• Emily T. Burak

PyTorch Introduction: PyTorch Tensors (A Gentle Intro to PyTorch Pt. 2)


Tensors: The backbone of PyTorch

Welcome back to my series of blogs on PyTorch, gently dipping toes into the vast Deep Learning ocean of the torch ecosystem. In the first post of this series, I gave a very high-level overview of torch. Now it's time to talk tensors. I'll be writing about tensors and torch, what a tensor is, as well as what you actually do with data in a tensor form.


Let's get tense.


Tensors and PyTorch

As indicated above, I feel that tensors provide the backbone both in code and conceptually for PyTorch. The framework is built around tensors and the myriad of ways you can structure tensors, work with multiple tensors, and operate over them. This is greatly helpful due to, and the backbone serves, a back consisting of neural networks. Neural networks can be structured around N-dimensional tensors effectively. Now, what does that mean, what is a tensor after all? Let's continue.


What is a tensor anyway?

Tensors are an n-dimensional data structure. A data structure is what it says on the tin, a codified way of storing information with regards to its structure and the operations performed over it. Data structures are key to good software engineering practice, as well as, shockingly, data science uses data structures as well, knowing data structures keenly gives a good leg up in the practice of either or both.


Tensors are n-dimensional, meaning you can get galaxy brained and keep scaling up. A tensor can be 0-dimensional to 1-dimensional(scalar), 2-dimensional(vector), 3-dimensional matrices, etc., etc., the math behind which is outside the scope of this blog post.



(Source)



What do you do with an n-dimensional tensor, what do you do with an n-dimensional tensor in the morning

Here's the part everyone loves -- like the last post, a koan-style sample of code from which you can enlighten yourself. This is adapted from a lesson in Rayan Slim's excellent Udemy course on PyTorch for Deep Learning and Computer Vision.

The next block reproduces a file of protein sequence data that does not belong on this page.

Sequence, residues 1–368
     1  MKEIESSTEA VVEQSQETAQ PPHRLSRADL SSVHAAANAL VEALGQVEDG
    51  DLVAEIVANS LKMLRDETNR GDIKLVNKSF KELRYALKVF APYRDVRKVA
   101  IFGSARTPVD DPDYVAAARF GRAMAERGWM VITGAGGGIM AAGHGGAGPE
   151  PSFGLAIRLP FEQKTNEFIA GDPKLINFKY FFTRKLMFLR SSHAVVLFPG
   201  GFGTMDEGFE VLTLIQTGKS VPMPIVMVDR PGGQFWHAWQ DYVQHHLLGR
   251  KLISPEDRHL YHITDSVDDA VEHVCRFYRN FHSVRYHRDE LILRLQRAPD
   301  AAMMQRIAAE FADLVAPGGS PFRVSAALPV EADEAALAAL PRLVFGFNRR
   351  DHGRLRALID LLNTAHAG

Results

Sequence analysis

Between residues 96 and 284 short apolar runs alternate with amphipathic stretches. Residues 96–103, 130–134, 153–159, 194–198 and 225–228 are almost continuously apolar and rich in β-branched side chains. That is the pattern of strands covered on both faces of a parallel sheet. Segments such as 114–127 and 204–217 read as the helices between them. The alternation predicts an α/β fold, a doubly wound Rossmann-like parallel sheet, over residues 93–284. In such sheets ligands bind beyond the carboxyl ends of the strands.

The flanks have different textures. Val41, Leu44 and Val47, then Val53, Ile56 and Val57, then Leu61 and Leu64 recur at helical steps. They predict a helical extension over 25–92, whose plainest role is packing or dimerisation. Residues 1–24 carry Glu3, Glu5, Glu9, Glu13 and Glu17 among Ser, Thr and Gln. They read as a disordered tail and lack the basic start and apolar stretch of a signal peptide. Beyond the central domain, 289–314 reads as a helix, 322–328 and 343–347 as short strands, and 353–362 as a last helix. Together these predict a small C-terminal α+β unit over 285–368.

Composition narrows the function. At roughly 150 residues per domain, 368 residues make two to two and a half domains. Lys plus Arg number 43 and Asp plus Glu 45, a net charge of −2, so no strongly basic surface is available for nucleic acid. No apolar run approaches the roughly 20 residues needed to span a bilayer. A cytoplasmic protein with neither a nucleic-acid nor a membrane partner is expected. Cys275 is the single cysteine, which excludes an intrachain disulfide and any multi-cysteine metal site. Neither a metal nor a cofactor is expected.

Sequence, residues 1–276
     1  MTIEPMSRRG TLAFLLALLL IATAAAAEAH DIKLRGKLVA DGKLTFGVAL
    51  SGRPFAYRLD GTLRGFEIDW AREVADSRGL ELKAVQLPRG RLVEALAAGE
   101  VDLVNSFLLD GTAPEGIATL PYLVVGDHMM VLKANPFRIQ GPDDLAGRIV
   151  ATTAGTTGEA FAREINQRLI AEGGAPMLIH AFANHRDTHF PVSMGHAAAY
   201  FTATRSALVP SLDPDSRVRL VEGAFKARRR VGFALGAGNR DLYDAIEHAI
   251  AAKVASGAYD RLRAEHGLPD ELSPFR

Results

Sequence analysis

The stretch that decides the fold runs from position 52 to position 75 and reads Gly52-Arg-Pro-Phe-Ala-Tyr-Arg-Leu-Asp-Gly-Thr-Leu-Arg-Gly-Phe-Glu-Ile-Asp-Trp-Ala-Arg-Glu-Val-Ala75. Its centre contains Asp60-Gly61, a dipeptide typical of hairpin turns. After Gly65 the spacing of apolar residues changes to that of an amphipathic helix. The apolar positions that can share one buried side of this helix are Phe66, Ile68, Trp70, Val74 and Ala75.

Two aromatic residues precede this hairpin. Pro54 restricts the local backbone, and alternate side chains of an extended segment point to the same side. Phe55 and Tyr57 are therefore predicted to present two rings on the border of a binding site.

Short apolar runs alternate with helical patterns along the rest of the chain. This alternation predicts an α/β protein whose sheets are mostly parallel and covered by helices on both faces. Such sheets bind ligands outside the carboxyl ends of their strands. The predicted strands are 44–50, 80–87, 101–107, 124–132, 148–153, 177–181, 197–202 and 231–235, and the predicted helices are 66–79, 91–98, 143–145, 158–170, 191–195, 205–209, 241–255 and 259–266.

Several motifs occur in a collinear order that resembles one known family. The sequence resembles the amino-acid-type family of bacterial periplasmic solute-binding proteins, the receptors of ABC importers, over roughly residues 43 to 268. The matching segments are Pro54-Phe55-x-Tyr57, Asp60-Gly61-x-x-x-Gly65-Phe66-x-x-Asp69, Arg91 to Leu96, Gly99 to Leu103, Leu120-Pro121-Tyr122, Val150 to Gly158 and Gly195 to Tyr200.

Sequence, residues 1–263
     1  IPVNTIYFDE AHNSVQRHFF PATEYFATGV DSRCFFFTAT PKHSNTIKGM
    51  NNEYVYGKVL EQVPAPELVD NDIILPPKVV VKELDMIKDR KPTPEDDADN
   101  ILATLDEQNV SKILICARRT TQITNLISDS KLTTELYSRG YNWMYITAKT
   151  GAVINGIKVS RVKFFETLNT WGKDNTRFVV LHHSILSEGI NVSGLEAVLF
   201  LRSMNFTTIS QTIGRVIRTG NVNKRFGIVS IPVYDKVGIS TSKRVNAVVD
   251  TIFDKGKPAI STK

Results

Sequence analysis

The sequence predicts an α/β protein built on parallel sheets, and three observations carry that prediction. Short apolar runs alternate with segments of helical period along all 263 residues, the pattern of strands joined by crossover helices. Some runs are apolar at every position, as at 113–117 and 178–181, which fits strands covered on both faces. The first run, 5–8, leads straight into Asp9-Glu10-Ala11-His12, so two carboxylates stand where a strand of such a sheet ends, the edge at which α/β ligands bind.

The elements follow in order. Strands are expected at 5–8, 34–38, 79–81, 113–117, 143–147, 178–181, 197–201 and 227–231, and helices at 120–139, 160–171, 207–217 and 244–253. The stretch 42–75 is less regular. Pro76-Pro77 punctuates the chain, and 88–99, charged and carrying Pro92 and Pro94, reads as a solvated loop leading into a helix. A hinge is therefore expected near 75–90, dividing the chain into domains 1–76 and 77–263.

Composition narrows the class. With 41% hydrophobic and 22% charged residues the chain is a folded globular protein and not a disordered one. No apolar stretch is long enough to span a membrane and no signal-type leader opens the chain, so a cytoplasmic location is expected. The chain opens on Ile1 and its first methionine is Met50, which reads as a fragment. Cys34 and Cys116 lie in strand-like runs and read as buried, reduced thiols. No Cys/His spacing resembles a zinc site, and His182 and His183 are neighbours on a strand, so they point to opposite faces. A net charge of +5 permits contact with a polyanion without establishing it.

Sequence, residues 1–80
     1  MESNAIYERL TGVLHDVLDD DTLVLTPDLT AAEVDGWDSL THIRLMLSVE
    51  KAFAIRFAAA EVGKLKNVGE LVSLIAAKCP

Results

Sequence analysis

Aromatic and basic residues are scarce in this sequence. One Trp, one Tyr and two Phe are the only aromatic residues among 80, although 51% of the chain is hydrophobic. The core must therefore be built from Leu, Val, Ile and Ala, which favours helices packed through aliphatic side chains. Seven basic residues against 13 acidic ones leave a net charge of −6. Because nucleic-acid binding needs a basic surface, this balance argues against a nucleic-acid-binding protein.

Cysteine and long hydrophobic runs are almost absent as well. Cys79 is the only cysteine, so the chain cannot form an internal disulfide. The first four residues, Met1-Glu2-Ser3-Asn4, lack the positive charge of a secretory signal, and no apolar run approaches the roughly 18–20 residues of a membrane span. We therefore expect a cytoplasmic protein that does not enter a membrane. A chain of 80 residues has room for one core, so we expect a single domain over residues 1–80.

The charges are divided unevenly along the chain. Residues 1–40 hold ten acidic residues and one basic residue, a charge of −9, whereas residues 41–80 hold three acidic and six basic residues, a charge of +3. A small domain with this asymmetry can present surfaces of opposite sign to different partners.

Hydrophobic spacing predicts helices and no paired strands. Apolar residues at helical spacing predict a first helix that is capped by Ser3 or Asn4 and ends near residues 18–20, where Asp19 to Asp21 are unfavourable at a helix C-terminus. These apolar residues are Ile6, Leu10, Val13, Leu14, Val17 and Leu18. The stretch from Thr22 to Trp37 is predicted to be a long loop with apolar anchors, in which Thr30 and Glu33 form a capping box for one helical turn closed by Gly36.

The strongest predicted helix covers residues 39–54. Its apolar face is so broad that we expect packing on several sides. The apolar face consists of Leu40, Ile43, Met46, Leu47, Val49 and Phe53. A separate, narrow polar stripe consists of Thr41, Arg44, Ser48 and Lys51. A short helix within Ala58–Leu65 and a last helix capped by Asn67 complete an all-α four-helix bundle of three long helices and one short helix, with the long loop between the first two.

#google colab doesn't come with torch installed :(
!pip3 install torch

Requirement already satisfied: torch in /usr/local/lib/python3.7/dist-packages (1.8.1+cu101) Requirement already satisfied: typing-extensions in /usr/local/lib/python3.7/dist-packages (from torch) (3.7.4.3) Requirement already satisfied: numpy in /usr/local/lib/python3.7/dist-packages (from torch) (1.19.5) 

In [2]:
#gotta import it of course, and numpy, a library with shared philosophy and interoperability
import torch
import numpy as np

In [4]:
#creates tensor, this is an idiomatic, basic way not using range
v = torch.tensor([1,2,3,4,5,6])
#indexing of tensors, the stop index is exclusive(Pythonic in this sense)
print(v[1:4])

tensor([2, 3, 4]) 

In [5]:
#float tensor -- a tensor of...floats, whoa
f = torch.FloatTensor([1,2,3,4,5,6])
print(f)

tensor([1., 2., 3., 4., 5., 6.]) 

In [6]:
print(f.dtype)

torch.float32 

In [8]:
#.size() gives the size of a tensor, dead simple
print(f.size())

torch.Size([6]) 

In [9]:
#view tensor as 6 rows in 1 column, ala. numpy's reshape method
v.view(6,1)
Out[9]:
tensor([[1],         [2],         [3],         [4],         [5],         [6]])

In [10]:
#viewing tensor as 3 rows w/2 columns...
v.view(3,2)
Out[10]:
tensor([[1, 2],         [3, 4],         [5, 6]])

In [11]:
v.view(3,-1)
Out[11]:
tensor([[1, 2],         [3, 4],         [5, 6]])

In [14]:
#creating a numpy n-dimensional array(type: ndarray)
a = np.array([1,2,3,4,5])

In [15]:
#creating a tensor from a numpy array!
tensor_cnv = torch.from_numpy(a)
print(tensor_cnv)

tensor([1, 2, 3, 4, 5]) 

In [16]:
#another way of giving the type
print(tensor_cnv.type())

torch.LongTensor 

In [17]:
#whoa, turning it back into an ndarray! wild stuff,,,
numpy_cnv = tensor_cnv.numpy()
print(numpy_cnv)

[1 2 3 4 5] 

In [18]:
#interchangable between numpy arrays and tensors

In [21]:
print(type(numpy_cnv))

<class 'numpy.ndarray'>

Smash that like button, subscribe, and share -- wait, this isn't Youtube! I kid. Jokes. I hope you've learned a bit about some bytes of tensors in reading this. Tell all your tensor-curious friends about this post and keep an eye out for the next post in this series!




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